16-848 Hands: Design and Control for Dexterous Manipulation

Spring 2020
MW 1:30-2:50pm
GHC 4102

Research related to hands has increased dramatically over the past decade. Robot hand innovation may be at an all time high, with new materials and manufacturing techniques promoting an explosion of ideas. Hands have become a priority in virtual reality and telepresence. Even the study of how people use their hands is seeing the growth of new ideas and themes.

With all of this attention on hands, are we close to a breakthrough in dexterity, or are we still missing some things needed for truly dexterous manipulation?

In this course, we will survey robotic hands and learn about the human hand with the goal of pushing the frontiers on hand design and control for dexterous manipulation. We will consider the necessary kinematics and dynamics for dexterity, what sensors are required to carry out dexterous interactions, the importance of reflexes and compliance, the role of machine learning in grasping and manipulation, and the challenge of uncertainty. We will explore state of the art manufacturing and design techniques, including innovations in soft robotics and embedded sensing. We will examine the human hand: its structure, sensing capabilities, human grasp choice and control strategies for inspiration and benchmarking. Students will be asked to present one or two research papers, participate in discussions and short research or design exercises, and carry out a final project.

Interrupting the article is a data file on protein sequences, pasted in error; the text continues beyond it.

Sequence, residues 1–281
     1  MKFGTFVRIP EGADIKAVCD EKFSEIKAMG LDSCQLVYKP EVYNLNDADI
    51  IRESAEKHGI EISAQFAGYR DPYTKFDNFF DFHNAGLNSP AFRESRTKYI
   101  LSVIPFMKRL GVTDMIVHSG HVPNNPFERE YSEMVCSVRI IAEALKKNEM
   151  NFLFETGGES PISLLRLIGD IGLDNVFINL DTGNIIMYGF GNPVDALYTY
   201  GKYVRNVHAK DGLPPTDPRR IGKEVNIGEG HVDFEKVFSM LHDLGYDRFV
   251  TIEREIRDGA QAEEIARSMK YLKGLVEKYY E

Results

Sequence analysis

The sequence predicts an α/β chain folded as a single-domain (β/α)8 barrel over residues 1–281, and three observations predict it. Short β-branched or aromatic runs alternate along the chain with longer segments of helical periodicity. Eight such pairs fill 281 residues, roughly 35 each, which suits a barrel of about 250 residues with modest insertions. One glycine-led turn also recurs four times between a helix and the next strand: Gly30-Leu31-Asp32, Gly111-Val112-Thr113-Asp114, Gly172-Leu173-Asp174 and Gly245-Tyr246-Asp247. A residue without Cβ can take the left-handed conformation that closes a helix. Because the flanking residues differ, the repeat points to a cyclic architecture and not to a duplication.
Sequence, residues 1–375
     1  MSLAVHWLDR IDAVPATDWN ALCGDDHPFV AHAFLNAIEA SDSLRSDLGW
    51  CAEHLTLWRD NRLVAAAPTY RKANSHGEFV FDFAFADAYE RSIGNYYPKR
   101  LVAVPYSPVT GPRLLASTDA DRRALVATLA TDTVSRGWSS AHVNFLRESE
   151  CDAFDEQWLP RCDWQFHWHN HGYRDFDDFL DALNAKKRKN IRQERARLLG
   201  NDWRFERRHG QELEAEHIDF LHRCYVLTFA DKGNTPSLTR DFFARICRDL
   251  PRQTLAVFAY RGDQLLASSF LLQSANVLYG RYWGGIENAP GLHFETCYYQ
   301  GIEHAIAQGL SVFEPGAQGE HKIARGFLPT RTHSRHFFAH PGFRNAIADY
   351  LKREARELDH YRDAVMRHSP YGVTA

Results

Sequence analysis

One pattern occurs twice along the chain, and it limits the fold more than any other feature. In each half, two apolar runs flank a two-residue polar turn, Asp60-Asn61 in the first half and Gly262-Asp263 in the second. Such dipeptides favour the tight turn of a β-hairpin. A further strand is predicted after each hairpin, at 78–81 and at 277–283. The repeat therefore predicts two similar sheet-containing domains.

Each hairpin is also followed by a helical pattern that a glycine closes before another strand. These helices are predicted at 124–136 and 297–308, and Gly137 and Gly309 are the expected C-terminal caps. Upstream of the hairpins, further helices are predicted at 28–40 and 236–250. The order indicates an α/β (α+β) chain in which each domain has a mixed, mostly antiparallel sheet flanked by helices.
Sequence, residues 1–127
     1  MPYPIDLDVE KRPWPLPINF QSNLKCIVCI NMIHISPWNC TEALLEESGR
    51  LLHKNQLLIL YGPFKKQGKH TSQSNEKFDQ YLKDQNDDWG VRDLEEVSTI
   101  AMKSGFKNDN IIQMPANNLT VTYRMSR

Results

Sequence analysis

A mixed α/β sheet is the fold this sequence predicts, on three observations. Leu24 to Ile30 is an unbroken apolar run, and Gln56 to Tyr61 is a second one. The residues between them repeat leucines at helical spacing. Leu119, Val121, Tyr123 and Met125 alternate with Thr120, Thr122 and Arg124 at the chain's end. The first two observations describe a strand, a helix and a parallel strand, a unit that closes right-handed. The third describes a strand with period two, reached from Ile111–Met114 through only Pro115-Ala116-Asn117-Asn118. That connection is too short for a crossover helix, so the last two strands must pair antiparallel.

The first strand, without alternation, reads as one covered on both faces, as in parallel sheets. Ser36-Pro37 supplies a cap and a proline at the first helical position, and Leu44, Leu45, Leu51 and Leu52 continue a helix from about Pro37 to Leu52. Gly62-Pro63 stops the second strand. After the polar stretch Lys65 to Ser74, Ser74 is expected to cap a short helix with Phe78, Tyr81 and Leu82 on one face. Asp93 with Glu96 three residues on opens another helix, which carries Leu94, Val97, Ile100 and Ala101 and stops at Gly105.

Instructor: Nancy Pollard


Syllabus

Week of Mon Wed
Jan 13 Course Introduction / Historical Robot Hands More Intro / Case Study: JamHand
Jan 20 No Class: Martin Luther King Day
Course Introduction / The Human Hand
Jan 27 Case Study: DLR Variable Stiffness Hands Final Project Overview / Brainstorming
Feb 3 Grasp Taxonomies for Humans and Robots (Avi) More on Taxonomies / Grasping in the Wild